WBAY ABC 2
School Choice &
6-30-15 @ 6 p.m.
Bias by Commission, Bias by Selection of Sources, Bias by Spin
Bias by Commission is a pattern of passing along assumptions or errors through a narrative that tends to support a left-wing or liberal view.
Bias by Selection of Sources occurs when a reporter includes more sources in a story who support one view over another.
Bias by Spin is when reporters emphasize aspects of a policy or a report favorable to liberals, without noting aspects favorable to conservatives; or, putting out the liberal interpretation of an event; while giving little or no time to its conservative interpretation.
In its June 30, 2015 6 p.m. report on Wisconsin education, WBAY ABC 2 included a sound bite in its story which put forth false information. The sound bite pushed a liberal narrative on school choice which is not backed up by facts. Mainstreaming false information alters public perception on issues, which favors the liberal agenda. This is bias by commission.
Here is the sound bite WBAY included in its report:
Sound bite in WBAY report: “The overwhelming majority of people across the state regardless of party have said they do not want private school vouchers. They do not want our tax dollars given to private and religious schools that are unaccountable to the public.”
WBAY is responsible for vetting the information it airs even if it is contained within sound bites. The reporter should not choose to air a sound bite which puts forth inaccurate information and misinforms the public.
Here are the facts: The most recent poll on the issue of school choice was conducted eight months ago (in October 2014) by Marquette University Law School. The poll found strong support among Wisconsin voters for expanding private school vouchers statewide. The poll –released one week before Election Day – indicated 49 percent of likely voters in Wisconsin support expanding the voucher program statewide; 44 percent are opposed. …According to the pre-election Marquette poll, 70 percent of voters who support Governor Walker favor expansion of the voucher program, while one in four (27%) among backers of his opponent (Democrat Mary Burke) support the move.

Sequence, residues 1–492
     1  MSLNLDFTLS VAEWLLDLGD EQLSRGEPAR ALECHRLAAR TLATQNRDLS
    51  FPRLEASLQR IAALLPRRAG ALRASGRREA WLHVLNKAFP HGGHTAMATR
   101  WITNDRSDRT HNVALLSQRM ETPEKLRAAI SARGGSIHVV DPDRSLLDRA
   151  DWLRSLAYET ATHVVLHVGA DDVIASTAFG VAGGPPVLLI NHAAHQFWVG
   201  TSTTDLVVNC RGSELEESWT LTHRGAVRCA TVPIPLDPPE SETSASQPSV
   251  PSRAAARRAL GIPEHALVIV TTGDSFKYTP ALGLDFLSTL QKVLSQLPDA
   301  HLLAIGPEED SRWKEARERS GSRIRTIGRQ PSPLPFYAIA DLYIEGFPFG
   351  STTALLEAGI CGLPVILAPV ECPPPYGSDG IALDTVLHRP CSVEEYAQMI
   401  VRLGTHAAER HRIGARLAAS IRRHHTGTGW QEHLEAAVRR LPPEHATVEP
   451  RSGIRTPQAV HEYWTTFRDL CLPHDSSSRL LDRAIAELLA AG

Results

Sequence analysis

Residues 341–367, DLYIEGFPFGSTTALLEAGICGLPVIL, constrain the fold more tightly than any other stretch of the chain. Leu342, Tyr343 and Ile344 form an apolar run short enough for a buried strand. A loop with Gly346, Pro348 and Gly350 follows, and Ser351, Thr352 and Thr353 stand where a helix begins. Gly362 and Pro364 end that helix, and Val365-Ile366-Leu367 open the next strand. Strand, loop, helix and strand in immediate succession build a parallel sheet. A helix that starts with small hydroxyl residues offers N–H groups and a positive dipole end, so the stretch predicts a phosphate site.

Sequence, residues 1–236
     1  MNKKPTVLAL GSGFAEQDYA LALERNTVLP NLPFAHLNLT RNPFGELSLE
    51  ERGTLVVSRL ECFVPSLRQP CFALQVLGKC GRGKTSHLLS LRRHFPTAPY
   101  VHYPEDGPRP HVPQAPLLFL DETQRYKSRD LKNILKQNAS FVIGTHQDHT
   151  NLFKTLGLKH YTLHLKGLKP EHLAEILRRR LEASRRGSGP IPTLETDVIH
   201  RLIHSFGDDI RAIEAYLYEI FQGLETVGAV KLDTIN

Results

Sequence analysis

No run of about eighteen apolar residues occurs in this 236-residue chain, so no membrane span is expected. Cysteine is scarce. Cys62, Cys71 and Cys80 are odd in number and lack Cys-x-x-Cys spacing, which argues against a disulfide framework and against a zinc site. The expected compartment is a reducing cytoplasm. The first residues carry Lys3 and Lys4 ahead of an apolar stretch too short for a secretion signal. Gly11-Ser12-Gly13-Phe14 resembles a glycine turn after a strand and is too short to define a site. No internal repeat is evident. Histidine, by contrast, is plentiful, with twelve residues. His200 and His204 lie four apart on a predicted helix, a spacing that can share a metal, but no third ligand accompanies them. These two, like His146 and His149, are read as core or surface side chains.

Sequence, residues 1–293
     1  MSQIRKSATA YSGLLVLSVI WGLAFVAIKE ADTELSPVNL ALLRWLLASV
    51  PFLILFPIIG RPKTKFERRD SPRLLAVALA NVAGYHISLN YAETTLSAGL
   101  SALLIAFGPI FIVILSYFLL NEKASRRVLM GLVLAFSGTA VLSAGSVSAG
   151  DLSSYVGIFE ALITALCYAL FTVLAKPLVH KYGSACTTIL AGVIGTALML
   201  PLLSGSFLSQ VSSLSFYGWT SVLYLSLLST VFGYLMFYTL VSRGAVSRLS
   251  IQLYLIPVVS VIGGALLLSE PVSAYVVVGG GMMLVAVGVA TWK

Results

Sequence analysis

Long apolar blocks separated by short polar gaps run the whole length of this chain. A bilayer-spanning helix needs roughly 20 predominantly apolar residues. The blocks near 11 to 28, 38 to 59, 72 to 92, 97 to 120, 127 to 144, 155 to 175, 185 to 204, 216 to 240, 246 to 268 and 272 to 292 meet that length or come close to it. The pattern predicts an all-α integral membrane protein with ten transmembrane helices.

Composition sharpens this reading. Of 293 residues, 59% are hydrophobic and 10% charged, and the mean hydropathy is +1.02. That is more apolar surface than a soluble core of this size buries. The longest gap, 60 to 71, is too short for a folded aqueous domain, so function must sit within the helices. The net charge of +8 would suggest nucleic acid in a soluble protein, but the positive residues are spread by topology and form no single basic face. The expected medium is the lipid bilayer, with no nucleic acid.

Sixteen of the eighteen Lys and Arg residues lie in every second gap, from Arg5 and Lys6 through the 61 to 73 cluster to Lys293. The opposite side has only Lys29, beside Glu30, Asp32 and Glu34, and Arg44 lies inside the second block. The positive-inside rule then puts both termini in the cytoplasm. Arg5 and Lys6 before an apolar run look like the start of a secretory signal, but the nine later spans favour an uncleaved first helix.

What about previous polls?
According to Marquette University Law School: … (in regards to Milwaukee and Racine vouchers…) “In September 2014, 18 percent supported removing all limits on vouchers, 21 percent supported increasing but not eliminating the limits, 19 percent favored keeping the 1,000-student limit and 38 percent would eliminate the statewide voucher program entirely. In previous polling in October 2013 and October 2014, support for expanding vouchers statewide beyond Milwaukee and Racine without mentioning limits was supported by 50 and 49 percent, with 44 percent opposed to expansion in both polls.”
Another bias surfaced earlier in the story. The media commonly spins the decision by lawmakers not to increase a budget item as a “budget cut”; but that doesn’t make it so. If your boss did not give you a raise, did he “cut” your salary? There should be honesty in reporting. It should be made clear to viewers that: 1.) No cuts were made to education and 2.) Democrats have not been successful in getting increases to the education budget they demand. (The media might also want to consider examining whether increased per-pupil funding has resulted in higher test scores in Wisconsin. The media might want to explain how the extra funding is spent. Instead, reporters simply repeat liberal talking points fed by activists without any follow-up for accountability.)
Finally, this report contains bias by selection of sources. Only one perspective is presented. We’ve noticed a pattern that when the Green Bay media in general covers a controversial issue which fits the conservative agenda, the reports are balanced with both viewpoints. When the Green Bay media covers a liberal agenda issue, there has not been a consistent effort made to reach out to the other side and present the counter perspective.